Why is it that more than half of us don’t validate success after delivering a product? To me this shows that most of us Product Owners simply execute and don’t really focus on adding value for our clients. In this blog I will go deeper into what I think is the cause of this.

Agile maturity

During one of our online interactive sessions with thought leaders Randy Keyers and Ron Eringa, both known from leading tremendous agile transitions and being involved in scrum.org, we heard that most companies never get to a broad supported organizational agile culture.

Leading an product platform during the more then 200 PO talks the biggest challenge of Product Owners seems to be the organization, research also confirms this showing that scaling beyond teams is one of companies, operating in agile, biggest challenges.

Organizational struggles

Daniel pinks book ‘Drive’ addresses ‘If, then’ rewards. A lot of companies still believe in incentives. If we promise to deliver something, then we will be given a bonus. Output in a lot of companies is therefore still the main driver for performance reviews, just build it! It destroys the whole creative, open mindset & the inspect and adapt mentality.

Working with systems like this seem to drastically lower people’s capacity to solve complex issues. It also creates silos as it’s motivating teams and individuals to checkbox their deliverables, instead of working towards the same objectives. Combined with mandate this is the main driver of roadmaps in a lot of companies. My targets and goals are more important than the customer and our long-term vision.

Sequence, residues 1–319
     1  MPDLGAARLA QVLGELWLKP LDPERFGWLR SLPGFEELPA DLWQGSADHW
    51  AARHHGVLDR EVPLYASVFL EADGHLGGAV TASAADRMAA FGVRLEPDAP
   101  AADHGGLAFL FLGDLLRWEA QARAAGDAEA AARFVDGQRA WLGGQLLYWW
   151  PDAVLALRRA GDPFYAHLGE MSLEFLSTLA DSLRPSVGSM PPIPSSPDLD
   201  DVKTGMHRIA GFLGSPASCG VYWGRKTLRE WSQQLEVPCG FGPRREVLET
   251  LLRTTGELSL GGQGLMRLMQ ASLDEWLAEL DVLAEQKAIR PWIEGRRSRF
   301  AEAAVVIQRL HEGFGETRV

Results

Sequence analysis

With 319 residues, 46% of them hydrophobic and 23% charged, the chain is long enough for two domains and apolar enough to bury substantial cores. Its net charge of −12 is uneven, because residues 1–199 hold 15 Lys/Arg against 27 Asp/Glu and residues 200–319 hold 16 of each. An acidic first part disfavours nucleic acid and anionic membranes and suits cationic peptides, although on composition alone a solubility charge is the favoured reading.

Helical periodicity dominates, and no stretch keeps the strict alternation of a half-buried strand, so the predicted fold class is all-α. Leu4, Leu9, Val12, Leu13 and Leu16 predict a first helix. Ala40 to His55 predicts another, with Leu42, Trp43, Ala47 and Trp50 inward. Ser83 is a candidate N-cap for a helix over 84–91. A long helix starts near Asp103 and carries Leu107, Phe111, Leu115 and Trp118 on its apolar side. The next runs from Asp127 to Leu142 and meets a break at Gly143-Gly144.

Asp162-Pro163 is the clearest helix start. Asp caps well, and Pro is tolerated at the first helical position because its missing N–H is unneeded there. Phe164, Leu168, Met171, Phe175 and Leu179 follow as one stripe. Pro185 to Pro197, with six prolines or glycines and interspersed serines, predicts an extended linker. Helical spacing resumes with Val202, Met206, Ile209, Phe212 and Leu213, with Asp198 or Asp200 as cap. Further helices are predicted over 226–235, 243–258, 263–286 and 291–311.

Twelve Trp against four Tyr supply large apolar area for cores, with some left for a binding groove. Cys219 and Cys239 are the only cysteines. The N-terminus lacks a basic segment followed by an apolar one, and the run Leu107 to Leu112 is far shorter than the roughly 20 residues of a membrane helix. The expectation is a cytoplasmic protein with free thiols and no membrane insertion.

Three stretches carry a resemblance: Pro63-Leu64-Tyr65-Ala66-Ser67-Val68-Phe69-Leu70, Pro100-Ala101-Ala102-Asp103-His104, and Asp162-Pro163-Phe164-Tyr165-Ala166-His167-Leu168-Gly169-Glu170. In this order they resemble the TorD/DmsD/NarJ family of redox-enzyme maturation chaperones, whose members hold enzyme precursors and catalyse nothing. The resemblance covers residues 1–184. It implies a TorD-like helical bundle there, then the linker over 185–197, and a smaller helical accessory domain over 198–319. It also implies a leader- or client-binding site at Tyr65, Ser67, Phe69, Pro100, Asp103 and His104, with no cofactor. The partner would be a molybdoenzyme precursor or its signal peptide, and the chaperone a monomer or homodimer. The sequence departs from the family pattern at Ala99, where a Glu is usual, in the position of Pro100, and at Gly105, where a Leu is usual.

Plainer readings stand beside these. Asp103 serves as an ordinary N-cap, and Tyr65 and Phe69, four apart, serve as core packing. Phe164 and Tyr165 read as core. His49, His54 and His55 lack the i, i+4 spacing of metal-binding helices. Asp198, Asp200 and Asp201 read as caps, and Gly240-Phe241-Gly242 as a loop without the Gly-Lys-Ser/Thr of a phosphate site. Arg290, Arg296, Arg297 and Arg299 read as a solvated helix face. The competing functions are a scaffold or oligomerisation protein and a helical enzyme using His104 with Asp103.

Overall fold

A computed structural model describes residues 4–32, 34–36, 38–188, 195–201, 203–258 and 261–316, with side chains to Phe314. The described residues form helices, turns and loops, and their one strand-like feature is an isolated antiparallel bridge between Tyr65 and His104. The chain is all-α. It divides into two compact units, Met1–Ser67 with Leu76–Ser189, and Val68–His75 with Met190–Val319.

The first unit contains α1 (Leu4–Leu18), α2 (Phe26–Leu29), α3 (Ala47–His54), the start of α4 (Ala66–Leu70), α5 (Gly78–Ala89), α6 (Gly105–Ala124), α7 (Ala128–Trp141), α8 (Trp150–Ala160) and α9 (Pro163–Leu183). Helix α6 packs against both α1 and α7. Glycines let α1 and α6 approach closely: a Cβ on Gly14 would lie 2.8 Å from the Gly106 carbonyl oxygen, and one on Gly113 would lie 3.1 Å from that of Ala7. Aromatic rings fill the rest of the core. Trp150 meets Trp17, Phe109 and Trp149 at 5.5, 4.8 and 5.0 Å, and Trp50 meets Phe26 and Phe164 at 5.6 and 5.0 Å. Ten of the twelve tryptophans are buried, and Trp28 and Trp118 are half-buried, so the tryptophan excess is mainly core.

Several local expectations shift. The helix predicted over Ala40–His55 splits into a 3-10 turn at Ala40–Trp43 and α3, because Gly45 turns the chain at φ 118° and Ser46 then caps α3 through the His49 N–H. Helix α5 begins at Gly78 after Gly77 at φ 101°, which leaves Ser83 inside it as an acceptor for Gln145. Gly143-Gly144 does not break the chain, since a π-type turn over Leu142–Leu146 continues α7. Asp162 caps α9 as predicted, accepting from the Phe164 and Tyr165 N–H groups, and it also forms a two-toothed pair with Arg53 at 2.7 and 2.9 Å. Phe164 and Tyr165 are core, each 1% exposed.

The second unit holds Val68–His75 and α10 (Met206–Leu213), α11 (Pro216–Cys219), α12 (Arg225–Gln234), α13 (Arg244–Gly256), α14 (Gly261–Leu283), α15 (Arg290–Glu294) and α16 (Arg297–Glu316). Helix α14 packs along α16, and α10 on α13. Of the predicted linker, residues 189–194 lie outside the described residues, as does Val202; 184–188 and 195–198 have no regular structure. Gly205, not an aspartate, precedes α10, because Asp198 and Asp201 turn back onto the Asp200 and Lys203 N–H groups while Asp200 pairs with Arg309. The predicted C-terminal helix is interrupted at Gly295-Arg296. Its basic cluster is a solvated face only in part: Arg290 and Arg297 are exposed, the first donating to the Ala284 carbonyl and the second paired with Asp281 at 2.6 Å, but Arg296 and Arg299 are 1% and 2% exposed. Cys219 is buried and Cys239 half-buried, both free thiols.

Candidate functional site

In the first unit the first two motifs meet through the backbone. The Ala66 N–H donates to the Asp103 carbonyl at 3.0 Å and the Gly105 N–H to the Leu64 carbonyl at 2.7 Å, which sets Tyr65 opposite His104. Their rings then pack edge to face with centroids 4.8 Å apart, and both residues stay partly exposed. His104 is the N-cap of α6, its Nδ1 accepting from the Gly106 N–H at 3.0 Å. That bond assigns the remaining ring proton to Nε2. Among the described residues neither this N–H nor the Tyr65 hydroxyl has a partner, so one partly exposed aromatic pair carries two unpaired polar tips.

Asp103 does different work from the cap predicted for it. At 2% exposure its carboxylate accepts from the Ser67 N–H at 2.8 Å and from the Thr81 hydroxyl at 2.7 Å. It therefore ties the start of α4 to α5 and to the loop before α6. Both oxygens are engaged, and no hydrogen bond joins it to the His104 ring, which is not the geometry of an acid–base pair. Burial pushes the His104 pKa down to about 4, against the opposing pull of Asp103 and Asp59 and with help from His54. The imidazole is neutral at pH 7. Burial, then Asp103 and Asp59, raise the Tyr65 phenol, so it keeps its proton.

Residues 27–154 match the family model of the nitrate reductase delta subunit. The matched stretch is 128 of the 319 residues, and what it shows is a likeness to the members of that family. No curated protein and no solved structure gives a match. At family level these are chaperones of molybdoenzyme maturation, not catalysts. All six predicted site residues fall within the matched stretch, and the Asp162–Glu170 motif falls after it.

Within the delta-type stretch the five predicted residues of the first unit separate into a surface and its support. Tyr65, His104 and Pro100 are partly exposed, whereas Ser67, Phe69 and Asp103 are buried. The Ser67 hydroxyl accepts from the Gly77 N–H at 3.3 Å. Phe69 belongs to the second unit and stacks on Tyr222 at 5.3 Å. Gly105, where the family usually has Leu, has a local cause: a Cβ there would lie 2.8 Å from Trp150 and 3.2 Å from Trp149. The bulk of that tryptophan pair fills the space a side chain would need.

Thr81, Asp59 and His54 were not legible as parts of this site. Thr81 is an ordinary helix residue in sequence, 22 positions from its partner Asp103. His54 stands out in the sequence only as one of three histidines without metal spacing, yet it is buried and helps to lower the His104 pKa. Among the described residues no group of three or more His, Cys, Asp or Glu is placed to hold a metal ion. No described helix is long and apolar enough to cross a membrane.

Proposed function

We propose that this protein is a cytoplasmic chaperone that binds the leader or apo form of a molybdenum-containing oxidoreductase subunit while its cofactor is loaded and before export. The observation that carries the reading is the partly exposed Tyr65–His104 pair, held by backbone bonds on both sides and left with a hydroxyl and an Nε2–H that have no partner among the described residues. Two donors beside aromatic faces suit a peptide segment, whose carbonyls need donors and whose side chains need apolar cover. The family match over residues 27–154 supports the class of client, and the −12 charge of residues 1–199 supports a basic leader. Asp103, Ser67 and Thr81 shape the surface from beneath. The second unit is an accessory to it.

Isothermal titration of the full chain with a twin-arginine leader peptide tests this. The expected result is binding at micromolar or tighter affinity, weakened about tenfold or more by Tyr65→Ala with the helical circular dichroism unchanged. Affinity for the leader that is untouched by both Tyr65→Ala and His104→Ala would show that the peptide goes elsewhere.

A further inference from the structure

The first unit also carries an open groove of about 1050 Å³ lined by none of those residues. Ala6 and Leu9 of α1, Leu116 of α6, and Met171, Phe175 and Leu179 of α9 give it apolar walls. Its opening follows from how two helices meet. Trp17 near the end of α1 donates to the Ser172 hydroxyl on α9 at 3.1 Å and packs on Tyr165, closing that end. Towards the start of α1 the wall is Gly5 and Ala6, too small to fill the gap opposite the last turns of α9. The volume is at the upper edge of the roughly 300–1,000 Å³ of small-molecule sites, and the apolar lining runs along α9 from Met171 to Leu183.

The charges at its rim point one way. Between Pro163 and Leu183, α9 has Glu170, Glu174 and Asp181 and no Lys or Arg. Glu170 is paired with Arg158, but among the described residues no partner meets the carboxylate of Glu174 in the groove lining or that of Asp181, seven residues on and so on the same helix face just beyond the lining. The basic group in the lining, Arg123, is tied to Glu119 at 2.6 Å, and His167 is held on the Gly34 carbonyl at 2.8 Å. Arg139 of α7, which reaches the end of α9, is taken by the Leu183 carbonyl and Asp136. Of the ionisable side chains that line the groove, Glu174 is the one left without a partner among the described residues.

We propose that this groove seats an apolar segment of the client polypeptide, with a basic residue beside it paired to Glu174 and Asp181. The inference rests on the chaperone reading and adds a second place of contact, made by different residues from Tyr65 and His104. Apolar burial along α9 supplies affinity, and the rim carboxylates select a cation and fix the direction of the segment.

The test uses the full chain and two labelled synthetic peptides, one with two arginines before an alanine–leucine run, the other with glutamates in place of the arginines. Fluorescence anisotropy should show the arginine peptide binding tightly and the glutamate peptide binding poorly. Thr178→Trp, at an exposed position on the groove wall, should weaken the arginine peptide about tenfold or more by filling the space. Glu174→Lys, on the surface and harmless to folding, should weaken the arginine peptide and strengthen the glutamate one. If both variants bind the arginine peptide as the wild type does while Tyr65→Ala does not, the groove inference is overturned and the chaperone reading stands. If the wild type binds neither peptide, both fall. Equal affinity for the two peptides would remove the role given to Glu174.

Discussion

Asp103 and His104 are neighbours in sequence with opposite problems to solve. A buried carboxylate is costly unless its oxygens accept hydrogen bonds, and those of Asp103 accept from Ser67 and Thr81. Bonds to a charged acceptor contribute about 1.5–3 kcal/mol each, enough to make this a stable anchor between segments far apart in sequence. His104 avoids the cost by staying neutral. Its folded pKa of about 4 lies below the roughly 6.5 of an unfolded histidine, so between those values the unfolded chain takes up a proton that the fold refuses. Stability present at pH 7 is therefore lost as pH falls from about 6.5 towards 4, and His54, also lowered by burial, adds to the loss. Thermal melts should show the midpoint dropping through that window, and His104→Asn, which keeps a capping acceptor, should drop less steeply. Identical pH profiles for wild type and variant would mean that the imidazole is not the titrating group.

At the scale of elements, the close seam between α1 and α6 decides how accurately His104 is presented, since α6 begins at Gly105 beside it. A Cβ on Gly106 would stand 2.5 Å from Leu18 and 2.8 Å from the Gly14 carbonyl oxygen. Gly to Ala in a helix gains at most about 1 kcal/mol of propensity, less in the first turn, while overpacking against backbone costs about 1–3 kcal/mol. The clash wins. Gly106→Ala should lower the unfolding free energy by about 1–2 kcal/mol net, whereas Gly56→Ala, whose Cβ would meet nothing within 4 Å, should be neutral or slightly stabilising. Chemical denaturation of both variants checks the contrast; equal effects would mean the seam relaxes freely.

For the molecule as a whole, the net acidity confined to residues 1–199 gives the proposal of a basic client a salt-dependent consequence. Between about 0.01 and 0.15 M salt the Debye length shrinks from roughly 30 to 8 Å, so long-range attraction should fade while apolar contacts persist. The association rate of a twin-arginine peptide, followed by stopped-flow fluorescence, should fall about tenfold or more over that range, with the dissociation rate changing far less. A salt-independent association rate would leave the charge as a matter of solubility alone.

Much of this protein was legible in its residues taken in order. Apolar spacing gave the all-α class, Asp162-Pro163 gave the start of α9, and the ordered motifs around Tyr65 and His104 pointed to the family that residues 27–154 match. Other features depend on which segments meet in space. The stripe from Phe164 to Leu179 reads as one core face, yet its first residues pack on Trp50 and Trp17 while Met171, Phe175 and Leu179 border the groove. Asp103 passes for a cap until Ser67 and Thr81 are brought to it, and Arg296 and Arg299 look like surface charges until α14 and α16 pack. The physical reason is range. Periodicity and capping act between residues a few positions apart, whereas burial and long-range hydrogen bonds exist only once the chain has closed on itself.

PO struggles

As a PO it can be difficult to focus on and deliver value. First of all it seems that we spend most time on meetings, which leaves less time to focus on validation and add value. We all know these aren’t just scrum events.

“Around 60% of PO’s communicated spending more than half of their time on meetings and the same amount of professionals communicated wanting to know more about leadership skills, coincidence?”.

Next to that only 68.3% communicated not always determining value beforehand & 50% of us aren’t driven by data.

What to do about it

It is of course easy to say that we are the victim here and that it’s out of our hands. Isn’t it our job to identify what value actually means and lead the way? Do you really think that you will get fired if you say ‘NO’ to meetings or development?

If it’s actually high risk, the company can’t operate because of legislation, security issues, then of course we must act. But for the rest we can OWN the product. We like to help and find it difficult to say no to people, but if we don’t the consequences are worse: not meeting sprints, lack of focus, demotivation because of constant changes in teams, interference in the team & in the end building products without actual value.

Where to start?

The sentence that echo’s everywhere is easy to share of course, START SMALL. We want to change the world, companies, structures, processes but start with the team.

One of the strongest tools for building successful products is building a support base, you’re not alone:

Most people are willing to help, everyone wants to work on things that matter. If you communicate in we instead of I convincing will be a lot easier. It doesn’t have to cost a lot of time, and maybe you will be delivering less, but it’s not about the amount of stories you deliver, it’s about the value!


Things I did that helped me a lot:

What if the above doesn’t work?

If an organization and / or its leaders truly don’t care about its customers ask yourself the question if it’s the right place for you. Most of the times the following 3 signals to move on. Check the following articles for interesting info.

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